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External iliac to common femoral artery plaque removed with Moll ring cutter (LeMaitre Vascular) over a wire

The 18F sheath went up with minimal resistance, and the EVAR was performed in the usual manner. The left common iliac artery occlusion was managed percutaneously from a left brachial access. The stent graft on the left was terminated above the iliac bifurcation and a self expanding stent was used to extend across the iliac bifurcation which had a persistent stenosis after recanalization.

The patient recovered well and was sent home several days postprocedure. He returned a month later with healed wounds and palpable peripheral pulses. He no longer had claudication and CTA showed the aneurysm sac to have no endoleak (figures below).

post CTA EVAR-ENDORE

postop centerline EVAR-ENDORE
Composite imaging showing normal appearing right iliofemoral segment (EIA + CFA) and patent left common iliac artery.

Discussion
I have previously posted on using EndoRE (remote endarterectomy) for both occlusive disease and as an adjunct in EVAR. Iliofemoral EndoRE has excellent patency in the short and midterm, and in my experience has superior patency compared to the femoropopliteal segment where EndoRE is traditionally used. This case illustrates both scenarios. While the common iliac artery occlusions can be expected to have acceptable patencies with percutaneous interventions, the external iliac lesions typically fail when managed percutaneously especially when the stents are extended across the inguinal ligament. The external iliac artery is quite mobile and biologically, in my opinon, behaves much as the popliteal artery and not like the common iliac. Also, the common femoral arterial plaque is contiguous with the external iliac plaque, making in my mind, imperative to clear out all the plaque rather than what can just be seen through a groin exposure.

On microscopy, the external iliac artery is restored to a normal patent artery -I have sent arterial biopsies several months after endarterectomy and the artery felt and sewed like a normal artery and had normal structure on pathology. This implies that the external iliac can be restored to a near normal status and patients that are turned down for living related donor transplantation of kidneys can become excellent recipients. In this case, this hybrid approach effectively treated his claudication but also sealed off his moderate sized AAA while not precluding future visceral segment surgery or intervention with a large suprarenal stent.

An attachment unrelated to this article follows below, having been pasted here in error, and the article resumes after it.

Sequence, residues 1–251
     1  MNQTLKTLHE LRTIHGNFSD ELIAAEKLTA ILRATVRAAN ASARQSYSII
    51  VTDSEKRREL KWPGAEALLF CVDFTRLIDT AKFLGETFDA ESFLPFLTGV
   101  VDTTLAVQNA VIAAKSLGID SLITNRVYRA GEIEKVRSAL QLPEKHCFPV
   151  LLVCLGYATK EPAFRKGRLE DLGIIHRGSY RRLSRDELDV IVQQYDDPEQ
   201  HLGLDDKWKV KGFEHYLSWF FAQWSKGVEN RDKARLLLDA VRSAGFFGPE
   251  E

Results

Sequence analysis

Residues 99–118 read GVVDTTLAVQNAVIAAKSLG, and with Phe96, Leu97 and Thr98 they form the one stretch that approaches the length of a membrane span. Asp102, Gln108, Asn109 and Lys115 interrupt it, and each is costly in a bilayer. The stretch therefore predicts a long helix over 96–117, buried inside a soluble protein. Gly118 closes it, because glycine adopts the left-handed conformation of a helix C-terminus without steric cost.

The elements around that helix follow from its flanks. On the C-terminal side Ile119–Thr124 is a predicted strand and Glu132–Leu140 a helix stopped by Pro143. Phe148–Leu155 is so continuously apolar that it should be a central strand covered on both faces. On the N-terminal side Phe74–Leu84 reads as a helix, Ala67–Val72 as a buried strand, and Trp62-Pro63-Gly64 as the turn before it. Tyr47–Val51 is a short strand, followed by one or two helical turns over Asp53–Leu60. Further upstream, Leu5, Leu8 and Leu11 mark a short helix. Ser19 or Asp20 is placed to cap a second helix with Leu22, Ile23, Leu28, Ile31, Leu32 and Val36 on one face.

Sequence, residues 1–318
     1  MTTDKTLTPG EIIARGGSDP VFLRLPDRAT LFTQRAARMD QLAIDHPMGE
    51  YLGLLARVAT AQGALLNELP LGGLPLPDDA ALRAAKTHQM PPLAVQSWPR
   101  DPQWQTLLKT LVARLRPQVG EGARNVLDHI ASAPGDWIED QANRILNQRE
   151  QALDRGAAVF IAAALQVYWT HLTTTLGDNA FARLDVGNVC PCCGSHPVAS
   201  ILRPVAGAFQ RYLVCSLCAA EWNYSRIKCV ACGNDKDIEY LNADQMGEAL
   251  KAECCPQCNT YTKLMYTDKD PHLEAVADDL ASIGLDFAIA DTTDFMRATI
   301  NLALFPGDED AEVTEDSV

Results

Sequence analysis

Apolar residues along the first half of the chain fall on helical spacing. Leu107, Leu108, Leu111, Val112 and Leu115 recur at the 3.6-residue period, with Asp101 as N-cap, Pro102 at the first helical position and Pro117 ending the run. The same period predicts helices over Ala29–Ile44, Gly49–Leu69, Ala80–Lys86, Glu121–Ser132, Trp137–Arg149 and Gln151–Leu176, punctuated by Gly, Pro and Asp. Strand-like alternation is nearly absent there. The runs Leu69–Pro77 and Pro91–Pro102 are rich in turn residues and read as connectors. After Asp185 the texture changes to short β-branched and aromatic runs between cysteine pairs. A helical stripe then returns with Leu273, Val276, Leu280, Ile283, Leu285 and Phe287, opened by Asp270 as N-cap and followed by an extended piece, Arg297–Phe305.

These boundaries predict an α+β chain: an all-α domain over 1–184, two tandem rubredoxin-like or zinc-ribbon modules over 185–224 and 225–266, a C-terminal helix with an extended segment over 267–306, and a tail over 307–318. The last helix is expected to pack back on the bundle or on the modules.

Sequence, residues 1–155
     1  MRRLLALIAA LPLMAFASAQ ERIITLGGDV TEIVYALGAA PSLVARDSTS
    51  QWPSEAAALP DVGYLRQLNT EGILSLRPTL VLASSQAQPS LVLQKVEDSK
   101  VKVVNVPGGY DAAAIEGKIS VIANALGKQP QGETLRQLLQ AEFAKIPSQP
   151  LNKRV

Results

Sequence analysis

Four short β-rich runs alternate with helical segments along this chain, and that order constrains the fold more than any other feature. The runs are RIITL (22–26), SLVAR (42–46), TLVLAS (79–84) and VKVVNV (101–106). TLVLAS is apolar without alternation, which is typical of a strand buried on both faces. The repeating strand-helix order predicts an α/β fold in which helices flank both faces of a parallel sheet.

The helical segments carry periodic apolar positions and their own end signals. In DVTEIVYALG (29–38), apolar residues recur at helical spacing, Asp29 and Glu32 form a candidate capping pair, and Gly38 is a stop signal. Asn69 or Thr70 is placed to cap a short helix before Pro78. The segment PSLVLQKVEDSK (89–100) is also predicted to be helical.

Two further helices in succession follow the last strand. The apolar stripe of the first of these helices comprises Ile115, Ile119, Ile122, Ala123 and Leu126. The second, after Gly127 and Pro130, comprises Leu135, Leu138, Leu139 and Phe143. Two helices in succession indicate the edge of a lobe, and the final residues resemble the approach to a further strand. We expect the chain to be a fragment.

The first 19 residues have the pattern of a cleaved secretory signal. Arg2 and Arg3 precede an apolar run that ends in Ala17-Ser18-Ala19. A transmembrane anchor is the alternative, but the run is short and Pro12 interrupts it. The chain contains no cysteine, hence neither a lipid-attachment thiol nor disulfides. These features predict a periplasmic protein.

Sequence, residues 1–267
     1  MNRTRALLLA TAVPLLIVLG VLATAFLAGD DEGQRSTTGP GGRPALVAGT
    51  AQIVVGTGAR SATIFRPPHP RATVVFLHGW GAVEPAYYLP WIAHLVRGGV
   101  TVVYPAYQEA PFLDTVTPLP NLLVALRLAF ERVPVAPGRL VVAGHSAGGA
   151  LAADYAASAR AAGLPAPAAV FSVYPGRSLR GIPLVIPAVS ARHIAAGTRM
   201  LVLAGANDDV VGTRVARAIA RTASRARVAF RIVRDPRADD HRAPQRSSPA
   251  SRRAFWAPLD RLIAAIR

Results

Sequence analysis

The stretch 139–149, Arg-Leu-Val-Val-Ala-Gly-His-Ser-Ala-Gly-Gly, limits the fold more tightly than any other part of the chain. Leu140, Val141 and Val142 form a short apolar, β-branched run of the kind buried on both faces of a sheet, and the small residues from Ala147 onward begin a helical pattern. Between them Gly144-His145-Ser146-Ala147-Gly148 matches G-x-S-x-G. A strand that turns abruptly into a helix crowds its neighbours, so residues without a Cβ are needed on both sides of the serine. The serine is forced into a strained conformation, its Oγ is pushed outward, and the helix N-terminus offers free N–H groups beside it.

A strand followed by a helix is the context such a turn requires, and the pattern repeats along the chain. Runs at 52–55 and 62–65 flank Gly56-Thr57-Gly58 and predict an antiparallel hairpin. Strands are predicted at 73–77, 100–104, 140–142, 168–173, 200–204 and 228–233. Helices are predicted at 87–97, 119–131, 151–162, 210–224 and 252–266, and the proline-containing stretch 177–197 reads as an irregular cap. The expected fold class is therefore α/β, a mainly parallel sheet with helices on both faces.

Reference

  1. Hollier LH et al. J Vasc Surg 1986; 3:712-7.
  2. Nzara R et al. Ann Vasc Surg. 2015 Nov;29(8):1548-53
  3. Kavanagh CM et al. J Vasc Surg 2016;64:1327-34

3D VR Images from CT Data Very Useful in Open Surgical Planning: Popliteal Venous Aneurysm

ct-3dvr-planning

Patient is a middle aged man with history of DVT and PE who in preoperative workup for another operation was found to have a popliteal venous aneurysm affecting his right leg. Unlike the recently posted case (link) which was fusiform, this aneurysm was saccular (CT above, duplex below). Popliteal venous aneurysms have a high risk of pulmonary embolism because: they tend to form clot in areas of sluggish flow and once loaded with clot, will eject it when compressed during knee flexion.

preop-duplex

When I perform open vascular surgery, I tend to get a CTA not just because it is minimally invasive and convenient, but because it gives important information for operative planning. The volume rendering function, which takes the 3 dimensional data set from a spiral CT scan, and creates voxels (3 dimensional pixels) of density information and creates stunning images such as the one featured on the current September 2016 issue of the Journal of Vascular Surgery. But these are not just pretty pictures.

In fact, I use these images to plan open surgery, even to the location of incisions. Vital structures are seen in 3D and injuries are avoided. Take for example the CT Venogram on the panel below. By adjusting the window level, you have first the venographic information showing the saccular popliteal venous aneurysm on the left panel, you can also see where it is in reference to the muscles in the popliteal fossa. The greater saphenous vein and varicose veins below are well seen.

ct-3dvr-planning

By adjusting the level, subcutaneous structures are better seen including the small saphenous vein which could be harvested to create a patch or a panel graft from a posterior approach. A final adjustment of the window level on the right shows the skin, and I can now plan the curvilinear incision.

By changing the orientation, I can also recreate the surgeon’s eye view of the leg in the prone position (below).